During the 1950s, iron ore and lumber were the main use for the upper section of the line. By 1960, there were two or three weekly pure ore trains in addition to hopper cars in ordinary freight trains. A new lumber crane was installed at Treungen in 1962, with Hunsfoss Fabrikker stating they would be sending an additional 18 tonnes (18 long tons; 20 short tons) of lumber. In 1964, a five-year contract was signed with the mine for 44,000 tonnes (43,000 long tons; 49,000 short tons) of ore per year, but the following year the mine closed. The same year, only 1,000 tonnes (980 long tons; 1,100 short tons) of lumber were being sent by the line. There was a 23 percent drop in passenger traffic between 1962 and 1965, to 45,300 people, and the line lost NOK 700,000 that year.[59] During the last years, the upper part of the line had three daily services with Class 87 trains and three weekly freight trains hauled by Di 2.[60]

NSB proposed that the line be closed in 1966, and in April 1967, the Standing Committee on Transport and Communications had an inspection of the area, particularly looking at roads. The decision to close the line from 1 October 1967 was made by parliament on 22 June, and included NOK 12 million for new roads.[59] There was a proposal to use part of the line to build an airport for Treungen.[60] The line remained in sporadic use for some years, both for access to Fjone Power Station, and for the railway to have access to a gravel pit at Bjorevja. Passenger traffic was replaced by buses.[61] Parliamentarian Osmund Faremo attempted to reopen the line in April 1968, but this was rejected by Minister Håkon Kyllingmark. Work to demolish the line in May,[clarification needed] starting at Treungen.[62]

On 26 October 1971, a sawmill at Nidarå opened. The section from Nelaug to Simonstad was reopened, and a 1-kilometer (0.62 mi) long branch line was built from Simonstad. Di 2 was set to haul the freight trains. Similar industry was planned at Suplandsfoss, 4 kilometers (2.5 mi) further north; plans to reopen the line to there were launched, but in 1970, NSB agreed that the Norwegian Public Roads Administration could use the remaining part of the line for National Road 415.[63]

In 1984, the Di 2 locomotives were replaced with Skd 224, which can haul a train weight of 250 tonnes (250 long tons; 280 short tons), albeit at very low speeds.[63] In 1988, the number of passenger trains on the Arendal Line was reduced from six to five, with trains corresponding with all trains on the Sørland Line to and from Oslo. After upgrades to the track, the maximum speed on the line was increased from 60 to 90 kilometers per hour (37 to 56 mph).[64] In 1989, NSB decided to close a large number of branch line, but the Arendal Line was one of very few who were not closed.[65] The same year, the stops Blakstad, Blakstad bru and Hurv were merged to a new stop.[66]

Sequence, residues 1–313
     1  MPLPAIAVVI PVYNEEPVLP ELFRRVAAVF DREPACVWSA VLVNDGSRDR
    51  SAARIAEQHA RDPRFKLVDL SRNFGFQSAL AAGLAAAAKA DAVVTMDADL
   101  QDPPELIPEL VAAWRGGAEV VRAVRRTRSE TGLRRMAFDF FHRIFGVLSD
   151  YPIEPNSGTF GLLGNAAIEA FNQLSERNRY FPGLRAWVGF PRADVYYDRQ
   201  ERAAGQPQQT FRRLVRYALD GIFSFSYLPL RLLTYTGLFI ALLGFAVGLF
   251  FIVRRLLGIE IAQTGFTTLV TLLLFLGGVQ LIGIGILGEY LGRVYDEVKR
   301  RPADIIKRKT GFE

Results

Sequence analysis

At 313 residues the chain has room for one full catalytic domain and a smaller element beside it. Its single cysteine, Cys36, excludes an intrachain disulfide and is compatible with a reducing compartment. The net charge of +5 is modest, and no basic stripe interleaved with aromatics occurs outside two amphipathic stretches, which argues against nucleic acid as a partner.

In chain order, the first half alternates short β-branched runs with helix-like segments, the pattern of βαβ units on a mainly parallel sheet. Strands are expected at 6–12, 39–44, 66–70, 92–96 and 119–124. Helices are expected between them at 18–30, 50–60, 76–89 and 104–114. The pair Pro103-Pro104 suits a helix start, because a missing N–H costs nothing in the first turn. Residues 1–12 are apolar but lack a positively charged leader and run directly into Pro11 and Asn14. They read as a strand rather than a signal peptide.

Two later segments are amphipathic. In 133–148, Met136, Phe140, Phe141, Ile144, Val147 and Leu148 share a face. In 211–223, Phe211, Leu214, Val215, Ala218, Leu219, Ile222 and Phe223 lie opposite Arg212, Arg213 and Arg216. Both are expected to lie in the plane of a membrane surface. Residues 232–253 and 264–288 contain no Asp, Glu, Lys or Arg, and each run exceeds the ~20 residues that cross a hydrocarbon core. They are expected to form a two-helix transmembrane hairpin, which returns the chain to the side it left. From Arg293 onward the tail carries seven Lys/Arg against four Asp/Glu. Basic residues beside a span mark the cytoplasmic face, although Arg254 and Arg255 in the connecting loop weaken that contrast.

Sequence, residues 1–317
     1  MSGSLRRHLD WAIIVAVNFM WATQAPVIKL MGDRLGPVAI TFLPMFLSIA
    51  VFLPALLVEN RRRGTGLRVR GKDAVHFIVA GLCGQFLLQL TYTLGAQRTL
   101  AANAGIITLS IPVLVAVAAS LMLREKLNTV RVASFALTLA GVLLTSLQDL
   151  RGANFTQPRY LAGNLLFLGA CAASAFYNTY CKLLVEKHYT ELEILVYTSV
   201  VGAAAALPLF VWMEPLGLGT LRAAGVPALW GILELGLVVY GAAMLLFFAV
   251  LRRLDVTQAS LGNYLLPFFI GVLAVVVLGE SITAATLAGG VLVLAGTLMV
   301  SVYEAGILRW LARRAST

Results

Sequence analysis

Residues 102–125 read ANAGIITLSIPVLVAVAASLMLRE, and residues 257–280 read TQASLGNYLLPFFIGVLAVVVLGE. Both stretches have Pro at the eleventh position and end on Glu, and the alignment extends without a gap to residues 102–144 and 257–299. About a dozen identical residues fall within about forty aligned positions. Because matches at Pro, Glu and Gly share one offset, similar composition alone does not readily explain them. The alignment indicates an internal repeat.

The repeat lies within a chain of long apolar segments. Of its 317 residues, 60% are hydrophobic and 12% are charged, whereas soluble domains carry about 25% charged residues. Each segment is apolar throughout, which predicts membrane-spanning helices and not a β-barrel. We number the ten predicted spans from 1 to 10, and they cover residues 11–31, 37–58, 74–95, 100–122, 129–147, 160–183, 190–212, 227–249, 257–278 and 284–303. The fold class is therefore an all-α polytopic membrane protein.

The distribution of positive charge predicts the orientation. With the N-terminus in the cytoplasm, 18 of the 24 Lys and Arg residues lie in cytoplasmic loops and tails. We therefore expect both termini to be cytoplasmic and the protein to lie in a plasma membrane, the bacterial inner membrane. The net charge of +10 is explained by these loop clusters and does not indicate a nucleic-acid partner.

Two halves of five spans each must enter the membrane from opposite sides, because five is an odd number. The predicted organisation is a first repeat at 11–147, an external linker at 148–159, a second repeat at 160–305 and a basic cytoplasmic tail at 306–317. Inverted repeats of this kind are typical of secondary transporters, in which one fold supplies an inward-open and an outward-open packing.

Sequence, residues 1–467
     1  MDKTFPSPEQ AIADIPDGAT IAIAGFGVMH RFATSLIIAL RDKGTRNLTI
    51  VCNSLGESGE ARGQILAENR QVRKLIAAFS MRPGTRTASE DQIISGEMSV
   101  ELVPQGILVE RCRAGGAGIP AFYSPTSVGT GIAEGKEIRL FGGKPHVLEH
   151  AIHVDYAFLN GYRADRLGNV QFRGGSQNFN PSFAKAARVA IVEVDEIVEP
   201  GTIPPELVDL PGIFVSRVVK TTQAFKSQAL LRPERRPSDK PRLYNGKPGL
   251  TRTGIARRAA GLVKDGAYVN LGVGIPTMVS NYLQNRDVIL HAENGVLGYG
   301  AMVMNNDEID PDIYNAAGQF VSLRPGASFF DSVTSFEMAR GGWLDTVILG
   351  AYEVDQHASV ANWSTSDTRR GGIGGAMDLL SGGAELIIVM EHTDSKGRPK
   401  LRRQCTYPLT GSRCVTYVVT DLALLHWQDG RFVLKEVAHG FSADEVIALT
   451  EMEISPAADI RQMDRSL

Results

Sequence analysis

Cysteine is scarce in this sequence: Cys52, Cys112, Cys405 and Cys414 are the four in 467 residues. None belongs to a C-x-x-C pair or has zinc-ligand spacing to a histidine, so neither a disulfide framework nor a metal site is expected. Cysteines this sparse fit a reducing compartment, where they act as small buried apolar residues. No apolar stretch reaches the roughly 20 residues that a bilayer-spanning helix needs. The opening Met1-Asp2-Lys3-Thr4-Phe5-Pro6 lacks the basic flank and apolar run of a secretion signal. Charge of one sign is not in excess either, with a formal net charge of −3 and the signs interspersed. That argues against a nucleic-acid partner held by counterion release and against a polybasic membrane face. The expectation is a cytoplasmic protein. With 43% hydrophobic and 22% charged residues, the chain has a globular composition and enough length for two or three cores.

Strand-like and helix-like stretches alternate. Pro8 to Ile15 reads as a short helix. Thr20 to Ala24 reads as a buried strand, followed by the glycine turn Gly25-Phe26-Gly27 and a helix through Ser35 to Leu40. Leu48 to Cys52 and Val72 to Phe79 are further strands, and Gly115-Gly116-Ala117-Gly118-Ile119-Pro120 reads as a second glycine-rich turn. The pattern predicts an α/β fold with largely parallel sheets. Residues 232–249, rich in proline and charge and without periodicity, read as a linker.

Electrification[edit]

On 6 August 1993, the government approved the plans to electrify the Arendal Line south of Nelaug.[67] NOK 20 million[68] of the necessary 45 million[67] was granted for the 1994 budget, with NOK 12 million being advanced from municipalities and the county.[68] As a temporary remedy to replace the aging trains, Class 92 multiple units were put into service from 1994.[69] The line took electric traction into use on 15 June 1995.[1] NSB introduced Class 68 trains on the line, which were at the time the oldest electric multiple units used by the company.[70] Six months later, NSB stated that unless they received addition grants, many smaller services, including the Arendal Line, would have to be terminated.[71] From July 1997, NSB terminated the night train from Arendal because of lack of rolling stock.[72]

In 2000, the railway company Timetoget had negotiated an agreement with NSB to take over passenger operations on the Bratsberg Line. The company started negotiating also taking over operations on the Arendal Line. They proposed using Y1 diesel railcars with a capacity for 70 people. With the introduction of the Class 73, NSB also proposed establishing a direct morning express from Arendal to Oslo without transfer at Nelaug. However, neither proposal was realized.[73] From 20 October, the service was terminated on the Arendal Line and the Bratsberg Line. NSB had a large shortage of motormen, and chose to close operations on the lines with least traffic to allocate sufficient personnel to areas with higher ridership.[74] Traffic resumed on 24 June 2001.[75] From 1999 to 2003, the line halved it traffic, to 50,000 passengers per year.[76] In the mid-2000s, Class 69 multiple units were put into service on the line.[70] By 2007, ridership was again rising, with a 16 percent increase that year.[77] In 2008, a new station at Stoa was opened, costing NOK 1.5 million.[6]

See also[edit]

References[edit]

 
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Notes
  1. ^ a b Norwegian National Rail Administration (2009): 34
  2. ^ Norwegian National Rail Administration (2009): 38
  3. ^ Norwegian National Rail Administration (2009): 42
  4. ^ Aspenberg (1994): 192
  5. ^ Aspenberg (1994): 193
  6. ^ a b "Arendalsbanen". Agderposten (in Norwegian). 20 August 2009. p. 4. 
  7. ^ a b Bjerke & Tovås (1989): 9
  8. ^ a b Bjerke & Tovås (1989): 10
  9. ^ Bjerke & Tovås (1989): 11
  10. ^ a b Bjerke & Tovås (1989): 12
  11. ^ Bjerke & Tovås (1989): 13
  12. ^ Bjerke & Tovås (1989): 14
  13. ^ Bjerke & Tovås (1989): 16
  14. ^ a b Bjerke & Tovås (1989): 26
  15. ^ Bjerke & Tovås (1989): 17
  16. ^ Bjerke & Tovås (1989): 24
  17. ^ a b Bjerke & Tovås (1989): 25
  18. ^ Bjerke & Tovås (1989): 29
  19. ^ a b Bjerke & Tovås (1989): 30
  20. ^ Bjerke & Tovås (1989): 27
  21. ^ Bjerke & Tovås (1989): 28
  22. ^ a b Bjerke & Tovås (1989): 21
  23. ^ Bjerke & Tovås (1989): 31
  24. ^ a b Bjerke & Tovås (1989): 35
  25. ^ a b Bjerke & Tovås (1989): 32
  26. ^ Bjerke & Tovås (1989): 43